Today's roundup of stimulus coverage:
Last week the administration released guidelines for counting jobs created by the stimulus. The guidelines, like the administration's early estimates for stimulus job-creation, have stirred up some debate. Now we're seeing the guidelines put into practice, and officials in Texas estimate that more jobs are being saved than created, according to an article in today's Fort Worth Star-Telegram.
The Obama administration peppered the stimulus package with provisions emphasizing the need to use federal funds for projects that will reduce greenhouse gas emissions. So states have begun to ramp up energy-saving efforts, from weatherizing homes and installing wind-energy systems in schools to installing solar water heaters in fire stations and using energy-efficient LED bulbs in streetlights. The stimulus also promoted the purchase of plug-in electric cars. But a recent report from the Government Accountability Office found that because the electricity for electric cars is generated by coal-burning plants, it might just be a case of trading one greenhouse-gas emitter for another. “For plug-ins to reach their full potential,” the report says, “electricity would need to be generated from lower-emission fuels such as nuclear and renewable energy rather than the fossil fuels -- coal and natural gas -- used most often to generate electricity today.”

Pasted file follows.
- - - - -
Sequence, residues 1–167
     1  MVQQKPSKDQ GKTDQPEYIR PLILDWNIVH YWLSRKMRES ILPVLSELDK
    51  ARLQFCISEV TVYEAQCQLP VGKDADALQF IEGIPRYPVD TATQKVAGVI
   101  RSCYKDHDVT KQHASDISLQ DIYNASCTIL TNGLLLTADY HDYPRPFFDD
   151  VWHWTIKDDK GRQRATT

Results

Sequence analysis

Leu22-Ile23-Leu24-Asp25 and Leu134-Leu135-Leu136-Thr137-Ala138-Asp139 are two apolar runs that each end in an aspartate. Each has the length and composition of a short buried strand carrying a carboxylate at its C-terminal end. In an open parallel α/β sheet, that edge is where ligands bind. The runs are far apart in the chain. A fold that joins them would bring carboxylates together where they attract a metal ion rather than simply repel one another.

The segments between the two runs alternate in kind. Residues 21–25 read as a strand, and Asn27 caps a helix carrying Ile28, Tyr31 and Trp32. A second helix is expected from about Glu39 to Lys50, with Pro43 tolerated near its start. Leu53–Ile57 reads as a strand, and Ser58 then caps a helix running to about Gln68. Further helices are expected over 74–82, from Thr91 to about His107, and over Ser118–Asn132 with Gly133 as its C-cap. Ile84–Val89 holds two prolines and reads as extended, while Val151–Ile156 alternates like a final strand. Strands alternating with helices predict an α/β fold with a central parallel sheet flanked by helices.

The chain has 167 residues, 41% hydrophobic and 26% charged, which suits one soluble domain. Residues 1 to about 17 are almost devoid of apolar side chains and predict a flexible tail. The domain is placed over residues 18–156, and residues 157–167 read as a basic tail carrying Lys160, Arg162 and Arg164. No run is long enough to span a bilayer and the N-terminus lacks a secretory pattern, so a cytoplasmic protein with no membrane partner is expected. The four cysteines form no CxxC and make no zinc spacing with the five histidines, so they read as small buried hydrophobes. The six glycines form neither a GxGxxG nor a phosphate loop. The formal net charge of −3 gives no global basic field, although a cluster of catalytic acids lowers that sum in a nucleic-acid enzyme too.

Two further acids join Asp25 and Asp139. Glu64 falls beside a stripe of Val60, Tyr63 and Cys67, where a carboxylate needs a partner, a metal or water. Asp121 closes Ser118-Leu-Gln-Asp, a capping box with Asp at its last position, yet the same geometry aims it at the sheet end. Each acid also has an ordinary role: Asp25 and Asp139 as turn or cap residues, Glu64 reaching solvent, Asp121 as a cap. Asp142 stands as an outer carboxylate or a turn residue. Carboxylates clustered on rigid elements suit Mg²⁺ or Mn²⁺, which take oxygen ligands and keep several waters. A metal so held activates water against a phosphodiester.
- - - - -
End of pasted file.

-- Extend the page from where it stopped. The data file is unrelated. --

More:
The Seattle Times reports that stimulus-funded jobs have been offered to almost 300 youths in four northwestern Washington counties, including six who now work at a fish hatchery.
As has been reported before, many states are dusting off plans for road and bridge reconstruction efforts and using stimulus money to fund them. In Kansas, for instance, the Department of Transportation is "allowing the state to complete all the projects it outlined 10 years ago under its comprehensive program," reports the AP. States have until June 30 to decide how to spend half of their highway funds. Projects that have already been designed have, according to reports, largely been favored over new ones.
Roughly $500,000 of the $2.5 billion in stimulus funds for free and low-cost health clinics is making its way through the system. Today, Capitol Hill Blue documents some of the ways that clinics are using the funds, from routine dental checkups for homeless youths in Colorado to opening up doors to more patients in Pennsylvania.